Tuesday, September 4, 2012
The King's cure-all
Species name: Oenothera biennis
Common name: Evening primrose
Providing I have the correct identification for this species of plant, it's native to northeastern North America from Newfoundland to Alberta, south from Texas to Florida. The unfortunate part of this photo is that you can clearly see it's during the day. In fact, the timestamp on this photo says that I took it at approximately 1:15 pm. Why is that important? Well, if it was truly evening primrose, the blooms open at dusk on night, are almost immediately pollinated by moths and other nocturnal insects in the area, then wilt and die by noon the next day. So the fact that this flower is still going strong at 1:15 pm with no sign of quitting any time soon makes me suspicious. There is saving grace to my (somewhat crude) identification: I know I'm close. In fact, I'm willing to bet that at least half of this plant is evening primrose, the other half being some other species that's native to this area. As far as I know, no genetic study has been done on the genus Oenothera so no one truly knows how many species there are. On top of that, many of the currently recognized species (read: all of them) hybridize with each other, often producing offspring with intermediate characteristics to the parent plants. These offspring are also capable of producing seed, suggesting that the parent plants weren't two separate species at all, but just different variations on the same species. Oh, Biology! How thy confuse me so! So I'm just going to go with "evening primrose" on a whim and run with it.
As I mentioned, the flowering pattern of the true evening primrose is quite a spectacle to be seen, and the opening of the flower is actually visible to the naked eye. Sure, with most flowers you can see the bud opening (usually over several days) and you can say "this is more open now than it was yesterday night before I went to bed!" But to be able to say that in ten minutes? That's pretty incredible. In fact, there are some people across the United States that literally have Primrose Parties where they sit outside in front of an evening primrose plant sipping wine, and watch the flower flop itself open right as the sun is setting. I don't know about you, but that sounds like a fantastic way to spend an evening! I'll have to organize one of these next year. It's been reported that the primrose can be anywhere from one to five feet tall at maturity, and produce anywhere from one or two to fifty flowers on one plant. You can see why there's room for suspecting hybridization with other species, even if you don't do the experiment yourself. Another fantastic feature of these flowers is actually completely invisible to humans unless aided by ultraviolet light. Usually these flowers are pollinated by moths, but should a flower go all night without attracting a single moth (which I find hard to believe since the smell is so strong), then during the day they will light up like beacons to bees. The middle of the flower contains a brilliant eyespot that is only visible under ultraviolet light, which bees use to help find flowers (a reason why most bee-pollinated flowers are purple, or at least have some amount of purple on them).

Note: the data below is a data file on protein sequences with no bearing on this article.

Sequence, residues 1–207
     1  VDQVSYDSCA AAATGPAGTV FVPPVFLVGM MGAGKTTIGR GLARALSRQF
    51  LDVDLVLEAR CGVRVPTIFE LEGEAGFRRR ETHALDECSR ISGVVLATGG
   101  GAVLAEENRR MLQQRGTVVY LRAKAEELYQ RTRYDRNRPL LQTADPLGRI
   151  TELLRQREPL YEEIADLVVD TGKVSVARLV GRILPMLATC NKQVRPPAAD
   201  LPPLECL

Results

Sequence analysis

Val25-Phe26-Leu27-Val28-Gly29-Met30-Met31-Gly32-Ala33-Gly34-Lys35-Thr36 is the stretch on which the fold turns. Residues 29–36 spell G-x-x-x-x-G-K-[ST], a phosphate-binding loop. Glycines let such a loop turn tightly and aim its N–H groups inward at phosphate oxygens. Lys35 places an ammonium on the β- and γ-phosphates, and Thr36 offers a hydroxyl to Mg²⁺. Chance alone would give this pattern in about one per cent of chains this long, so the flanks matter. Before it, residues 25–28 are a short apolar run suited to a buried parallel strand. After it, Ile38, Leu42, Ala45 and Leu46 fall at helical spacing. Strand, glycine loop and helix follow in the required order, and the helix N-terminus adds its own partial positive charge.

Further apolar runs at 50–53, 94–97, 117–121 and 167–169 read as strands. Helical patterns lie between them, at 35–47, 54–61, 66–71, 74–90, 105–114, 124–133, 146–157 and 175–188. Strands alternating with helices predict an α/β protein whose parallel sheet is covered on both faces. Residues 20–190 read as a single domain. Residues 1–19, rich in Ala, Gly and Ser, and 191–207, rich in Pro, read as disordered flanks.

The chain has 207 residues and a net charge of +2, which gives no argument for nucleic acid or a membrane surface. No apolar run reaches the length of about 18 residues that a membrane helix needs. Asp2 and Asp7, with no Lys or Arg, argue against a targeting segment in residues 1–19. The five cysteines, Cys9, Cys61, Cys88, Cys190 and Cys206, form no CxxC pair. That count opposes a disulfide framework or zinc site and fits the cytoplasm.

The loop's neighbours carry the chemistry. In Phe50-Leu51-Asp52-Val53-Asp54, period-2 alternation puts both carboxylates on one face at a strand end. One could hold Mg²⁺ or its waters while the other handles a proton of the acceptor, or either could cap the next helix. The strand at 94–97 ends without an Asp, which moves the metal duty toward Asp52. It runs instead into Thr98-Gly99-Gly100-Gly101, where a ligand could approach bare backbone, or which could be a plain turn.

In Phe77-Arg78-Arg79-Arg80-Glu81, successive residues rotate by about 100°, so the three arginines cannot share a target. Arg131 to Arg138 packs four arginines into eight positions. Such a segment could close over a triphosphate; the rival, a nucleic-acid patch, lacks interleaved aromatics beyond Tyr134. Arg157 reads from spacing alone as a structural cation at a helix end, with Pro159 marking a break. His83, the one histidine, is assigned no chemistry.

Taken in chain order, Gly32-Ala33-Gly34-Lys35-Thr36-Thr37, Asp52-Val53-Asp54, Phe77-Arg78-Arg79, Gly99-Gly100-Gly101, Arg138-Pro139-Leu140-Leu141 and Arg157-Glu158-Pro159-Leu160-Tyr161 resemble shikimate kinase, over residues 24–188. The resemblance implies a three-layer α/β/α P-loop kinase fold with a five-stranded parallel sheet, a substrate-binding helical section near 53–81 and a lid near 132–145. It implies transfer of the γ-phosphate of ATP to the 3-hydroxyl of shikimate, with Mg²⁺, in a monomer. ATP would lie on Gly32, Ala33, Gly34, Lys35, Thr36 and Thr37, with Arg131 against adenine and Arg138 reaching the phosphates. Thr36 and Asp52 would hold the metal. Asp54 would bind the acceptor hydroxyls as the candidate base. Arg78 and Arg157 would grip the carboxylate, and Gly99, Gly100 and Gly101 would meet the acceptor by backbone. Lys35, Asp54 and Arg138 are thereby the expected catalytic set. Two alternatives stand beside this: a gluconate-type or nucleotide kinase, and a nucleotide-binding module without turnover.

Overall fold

This plant has another common name, the King's cure-all, which has a rather interesting history (leading to a common use of the plant even today). Way back in the "good old days," it was generally unacceptable to have a wife who's having a bad day. And since all bad days must be menstrual-related (trust me, I say this with sarcasm!), a husband would give his wife the extracted essential oil from this plant, obtained through a chemist, to ease her pain and have her back to acting like a good wife should. One also wouldn't want their wife to have any kind of facial blemish, and primrose oil does double-duty as being a good zit fighter. So this is all fine and dandy, but now that we know a lot more about medicine and how chemicals work this plant has no use, right? Well, turns out that the plant the King used to cure all of his wife's problems is actually useful for exactly those purposes! Primrose oil is the leading herbal treatment for PMS pain and irritability (and it actually works, according to several independent large-scale scientific trials), and seems to help clear up skin blemishes that are acne-related faster than traditional medicines containing salicylic acid or benzoyl peroxide.
Great! So evening primrose is a medicinal plant when the extracted oil is used properly. That alone would make this a pretty spectacular native species, but it gets better. The leaves of this plant are also edible, and are used in salads and cooked down like kale or swiss chard. This use has all but disappeared recently with more leafy greens being available in your local grocery store, but if you planted this species in your garden then feel free to munch on them once the flowering spectacle is over! If you're at all unsure of identification or think the plant you're looking at may be a hybrid, I would strongly caution you against eating the leaves.